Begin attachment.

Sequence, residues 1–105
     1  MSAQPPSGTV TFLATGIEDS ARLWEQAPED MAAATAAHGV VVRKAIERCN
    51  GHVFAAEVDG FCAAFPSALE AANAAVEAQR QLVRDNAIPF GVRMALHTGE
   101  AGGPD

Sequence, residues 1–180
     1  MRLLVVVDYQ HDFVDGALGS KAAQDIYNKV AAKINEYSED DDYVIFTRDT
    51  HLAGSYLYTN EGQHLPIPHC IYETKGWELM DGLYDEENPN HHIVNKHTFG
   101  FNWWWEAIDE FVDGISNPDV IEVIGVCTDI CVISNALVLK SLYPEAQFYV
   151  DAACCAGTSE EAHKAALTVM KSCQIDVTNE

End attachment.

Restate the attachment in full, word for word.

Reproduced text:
Sequence, residues 1–105
     1  MSAQPPSGTV TFLATGIEDS ARLWEQAPED MAAATAAHGV VVRKAIERCN
    51  GHVFAAEVDG FCAAFPSALE AANAAVEAQR QLVRDNAIPF GVRMALHTGE
   101  AGGPD

Sequence, residues 1–180
     1  MRLLVVVDYQ HDFVDGALGS KAAQDIYNKV AAKINEYSED DDYVIFTRDT
    51  HLAGSYLYTN EGQHLPIPHC IYETKGWELM DGLYDEENPN HHIVNKHTFG
   101  FNWWWEAIDE FVDGISNPDV IEVIGVCTDI CVISNALVLK SLYPEAQFYV
   151  DAACCAGTSE EAHKAALTVM KSCQIDVTNE